Wednesday, May 23, 2007
Directed by: Mel Gibson
Written by: Mel Gibson & Farhad Safinia
Starring: Rudy Youngblood, Dalia Hernandez
Color, 139 minutes
Over the course of his last three directorial efforts, Mel Gibson has established himself as some kind of bizarre, masochistic visionary. He is a highly manipulative filmmaker, never afraid to fall back on good old slow motion to get a point across, and at times it even seems as if he enjoys wallowing in the extreme violence that he displays on screen. In spite of all this, Gibson's talent shines through. Like Clint Eastwood, Gibson's ability behind the camera has already begun to outshine his teachers. There are quite a few negative things that could be said about Gibson the filmmaker, but you certainly can't say he's a coward. It takes a certain amount of balls and conviction to bring such a singular vision to the screen once, let alone multiple times.
Apocalypto is the latest addition to that particular vision, and it's a wild one. The Christian right across the country come out in droves and bought out entire screenings of Gibson's previous film (I don't think I need to remind you what that was), making it a box office smash, but, oddly enough, they stayed away this time. I guess people are willing to sit through an extremely violent, two and a half hour subtitled film as long as it's about Christ, but if it applies to any other subject then you can forget it. I digress, and descend from the soapbox because I too admired The Passion. It was a flawed film, for sure, but the technical aspects were stunning, and the same thing could easily be said of Apocalypto.
Set near the end of Maya civilization, the story focuses on a young man named Jaguar Paw (Youngblood) whose existence is severely threatened when his village is attacked by another tribe. Images of horror and destruction abound as limbs are hacked off, throats are slit, and children are swung by their ankles. Jaguar Paw is resourceful enough to lower his pregnant wife (Hernandez) and young son into a cave, but he is eventually captured along with the rest of the survivors, and taken on a journey to a great Mayan city to meet his doom as he's sacrificed to the gods. Jaguar Paw, of course, has other ideas, like getting back to his family, and the film culminates with a 45 minute run through the jungle.
While it's plot doesn't have a shred of originality to it, and Gibson and Safinia enjoy throwing in every jungle cliche imaginable (quicksand, waterfalls, etc.), Apocalypto is a wholly unique film. This film gives us a glimpse of a civilization we've never seen in cinema. Whether it's entirely accurate or not is irrelevant, and I could personally care less. Gibson and his cinematographer Dean Semler create very weird, almost surreal images that will burn themselves into your memory. Using high definition instead of film, Semler mixes crane and handheld camera work to great effect, and comes out with the best jungle photography ever put on screen. Production designer Tom Sanders (Bram Stoker's Dracula, Saving Private Ryan) is at his peak here, providing lavishly textured sets filled with eye popping detail. The great city itself is a work of art. The costumes by Mayes C. Rubeo are intimidating, frightening, and extremely beautiful. In fact, one could write an entire review praising the visual aspects of this film alone.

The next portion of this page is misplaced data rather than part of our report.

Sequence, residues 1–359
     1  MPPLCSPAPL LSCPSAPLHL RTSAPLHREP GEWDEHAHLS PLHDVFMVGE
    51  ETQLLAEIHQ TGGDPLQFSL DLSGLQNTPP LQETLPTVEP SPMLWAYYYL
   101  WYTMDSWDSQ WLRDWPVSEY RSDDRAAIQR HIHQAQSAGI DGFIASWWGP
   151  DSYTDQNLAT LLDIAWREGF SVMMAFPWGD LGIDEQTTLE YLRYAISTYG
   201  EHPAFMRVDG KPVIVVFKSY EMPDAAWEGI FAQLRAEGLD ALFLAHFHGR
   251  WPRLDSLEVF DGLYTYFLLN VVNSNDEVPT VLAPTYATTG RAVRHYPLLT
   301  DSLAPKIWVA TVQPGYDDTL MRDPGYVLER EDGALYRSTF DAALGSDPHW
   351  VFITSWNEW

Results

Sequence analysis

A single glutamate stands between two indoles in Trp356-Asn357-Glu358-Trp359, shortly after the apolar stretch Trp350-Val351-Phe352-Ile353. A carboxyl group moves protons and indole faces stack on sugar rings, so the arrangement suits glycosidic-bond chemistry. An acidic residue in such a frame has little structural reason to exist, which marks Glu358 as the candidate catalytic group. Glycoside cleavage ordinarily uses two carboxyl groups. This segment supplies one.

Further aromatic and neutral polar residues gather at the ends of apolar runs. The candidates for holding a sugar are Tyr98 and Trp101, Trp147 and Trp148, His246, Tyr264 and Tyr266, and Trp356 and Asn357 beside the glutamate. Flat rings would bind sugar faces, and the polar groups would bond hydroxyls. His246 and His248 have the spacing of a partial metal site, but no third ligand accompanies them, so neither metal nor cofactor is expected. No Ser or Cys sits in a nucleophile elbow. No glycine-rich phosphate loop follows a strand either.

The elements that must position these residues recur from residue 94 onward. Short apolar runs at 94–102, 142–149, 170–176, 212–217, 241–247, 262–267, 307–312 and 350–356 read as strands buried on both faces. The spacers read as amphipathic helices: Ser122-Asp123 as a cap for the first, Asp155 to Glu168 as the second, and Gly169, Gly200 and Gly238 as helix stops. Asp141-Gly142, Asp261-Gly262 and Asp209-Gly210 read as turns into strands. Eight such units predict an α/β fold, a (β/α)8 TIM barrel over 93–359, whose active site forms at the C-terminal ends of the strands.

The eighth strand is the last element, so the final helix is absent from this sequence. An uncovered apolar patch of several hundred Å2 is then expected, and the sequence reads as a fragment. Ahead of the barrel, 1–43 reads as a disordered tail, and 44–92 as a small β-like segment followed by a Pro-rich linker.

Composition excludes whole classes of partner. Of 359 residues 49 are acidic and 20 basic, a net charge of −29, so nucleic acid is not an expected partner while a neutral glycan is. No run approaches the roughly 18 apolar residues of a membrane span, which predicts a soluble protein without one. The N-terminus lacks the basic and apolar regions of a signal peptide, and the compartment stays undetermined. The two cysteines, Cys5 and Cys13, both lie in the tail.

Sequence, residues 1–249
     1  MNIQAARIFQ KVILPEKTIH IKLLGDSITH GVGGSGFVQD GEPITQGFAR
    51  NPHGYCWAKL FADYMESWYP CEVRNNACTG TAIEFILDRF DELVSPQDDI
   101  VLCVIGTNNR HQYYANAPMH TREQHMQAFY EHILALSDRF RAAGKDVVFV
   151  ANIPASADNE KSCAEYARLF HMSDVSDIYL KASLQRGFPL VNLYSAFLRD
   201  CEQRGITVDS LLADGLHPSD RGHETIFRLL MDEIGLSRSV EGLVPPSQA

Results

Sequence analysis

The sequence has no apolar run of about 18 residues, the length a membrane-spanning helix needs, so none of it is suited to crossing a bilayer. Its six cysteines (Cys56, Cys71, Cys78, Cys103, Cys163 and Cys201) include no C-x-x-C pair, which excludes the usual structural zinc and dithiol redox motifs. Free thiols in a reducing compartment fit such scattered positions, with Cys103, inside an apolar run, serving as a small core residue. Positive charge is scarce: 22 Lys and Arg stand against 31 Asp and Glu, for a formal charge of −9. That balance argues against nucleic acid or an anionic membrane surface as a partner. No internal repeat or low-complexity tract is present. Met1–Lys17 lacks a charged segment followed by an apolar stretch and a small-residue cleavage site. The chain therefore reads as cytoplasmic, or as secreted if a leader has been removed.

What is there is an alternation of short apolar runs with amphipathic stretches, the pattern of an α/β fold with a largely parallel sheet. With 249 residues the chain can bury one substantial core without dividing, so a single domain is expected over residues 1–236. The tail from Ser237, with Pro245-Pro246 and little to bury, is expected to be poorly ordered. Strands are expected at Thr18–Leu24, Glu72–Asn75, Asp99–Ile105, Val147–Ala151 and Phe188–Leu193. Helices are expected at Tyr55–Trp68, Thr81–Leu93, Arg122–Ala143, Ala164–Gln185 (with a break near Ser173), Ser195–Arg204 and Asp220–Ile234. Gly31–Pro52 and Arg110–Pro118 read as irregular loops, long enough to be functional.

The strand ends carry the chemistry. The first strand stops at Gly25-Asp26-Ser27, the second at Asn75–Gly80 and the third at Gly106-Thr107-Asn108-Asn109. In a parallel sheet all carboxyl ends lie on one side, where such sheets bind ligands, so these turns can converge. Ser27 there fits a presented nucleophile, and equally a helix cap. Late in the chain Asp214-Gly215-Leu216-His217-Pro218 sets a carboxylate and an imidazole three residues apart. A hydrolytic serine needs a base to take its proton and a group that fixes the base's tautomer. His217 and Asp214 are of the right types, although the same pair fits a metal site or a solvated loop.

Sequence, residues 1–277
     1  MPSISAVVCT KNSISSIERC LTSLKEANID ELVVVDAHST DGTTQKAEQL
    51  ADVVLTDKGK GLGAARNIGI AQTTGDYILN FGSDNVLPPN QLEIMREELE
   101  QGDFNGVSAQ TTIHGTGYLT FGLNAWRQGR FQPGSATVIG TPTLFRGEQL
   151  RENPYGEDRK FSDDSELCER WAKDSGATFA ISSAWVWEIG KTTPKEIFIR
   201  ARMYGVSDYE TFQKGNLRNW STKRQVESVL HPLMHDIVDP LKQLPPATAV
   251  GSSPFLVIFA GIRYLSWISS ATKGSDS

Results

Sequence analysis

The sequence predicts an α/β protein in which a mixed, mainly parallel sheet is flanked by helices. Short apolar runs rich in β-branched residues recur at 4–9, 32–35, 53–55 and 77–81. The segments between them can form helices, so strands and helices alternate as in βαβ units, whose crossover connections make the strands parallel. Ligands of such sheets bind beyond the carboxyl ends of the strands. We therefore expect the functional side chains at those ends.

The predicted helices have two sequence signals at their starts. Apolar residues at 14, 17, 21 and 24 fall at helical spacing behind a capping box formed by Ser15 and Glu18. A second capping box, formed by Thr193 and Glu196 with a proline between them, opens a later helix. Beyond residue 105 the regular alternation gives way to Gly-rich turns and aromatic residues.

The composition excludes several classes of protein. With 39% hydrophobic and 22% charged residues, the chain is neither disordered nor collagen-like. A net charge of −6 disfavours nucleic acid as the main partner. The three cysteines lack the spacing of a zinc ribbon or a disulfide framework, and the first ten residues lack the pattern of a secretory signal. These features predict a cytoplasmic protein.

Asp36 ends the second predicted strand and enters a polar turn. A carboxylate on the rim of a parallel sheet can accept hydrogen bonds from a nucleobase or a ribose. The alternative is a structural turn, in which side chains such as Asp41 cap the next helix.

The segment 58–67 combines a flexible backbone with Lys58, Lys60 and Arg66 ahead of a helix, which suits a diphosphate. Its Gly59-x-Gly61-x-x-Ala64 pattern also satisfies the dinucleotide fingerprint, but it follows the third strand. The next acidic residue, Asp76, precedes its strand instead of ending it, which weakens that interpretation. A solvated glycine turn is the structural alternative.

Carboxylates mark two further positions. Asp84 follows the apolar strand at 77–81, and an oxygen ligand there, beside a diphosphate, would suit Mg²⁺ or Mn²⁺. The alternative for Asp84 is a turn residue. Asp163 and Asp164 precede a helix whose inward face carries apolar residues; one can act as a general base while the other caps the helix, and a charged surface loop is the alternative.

Going The Passion of The Christ one better, not only does Gibson retain the authentic Yucatec language, this time he gets amateurs to do the acting. This doesn't hinder the film, though, it only adds to it. Rudy Youngblood brings a vitality to this film that's missing in most of these kinds of period films. He has the grit of Kirk Douglas in Spartacus and the intensity of Gibson in Braveheart, but he's more effortless and charming than they were. His athleticism is obviously a big help in a role like this, but Youngblood is a naturally engaging performer, and I would like to see his career take off because of this. The entire supporting cast is great, most notably Rodolfo Palacios as the evil Snake Ink, who takes a special pleasure in torturing Jaguar Paw.
Unfortunately, Gibson has a tendency to lay it on pretty thick. He relishes in giving us close ups of wounds, blood, and torture. On top of this, we get too many lingering shots of crazy looking people staring directly into camera, most notably in the ridiculous scene with the prophetic, plague infested, demon girl. Gibson's flair for excess hampers the flow of the film, and threatens to really hurt the picture at times.
In the end, though, Apocalypto is a film you won't forget anytime soon. You may love it, you may not, and you can look as hard as you want for another reason to crucify Gibson, but he's here to stay. This film isn't perfect, but as a feat of action filmmaking, it's superb, and it's unlike anything you've ever seen before.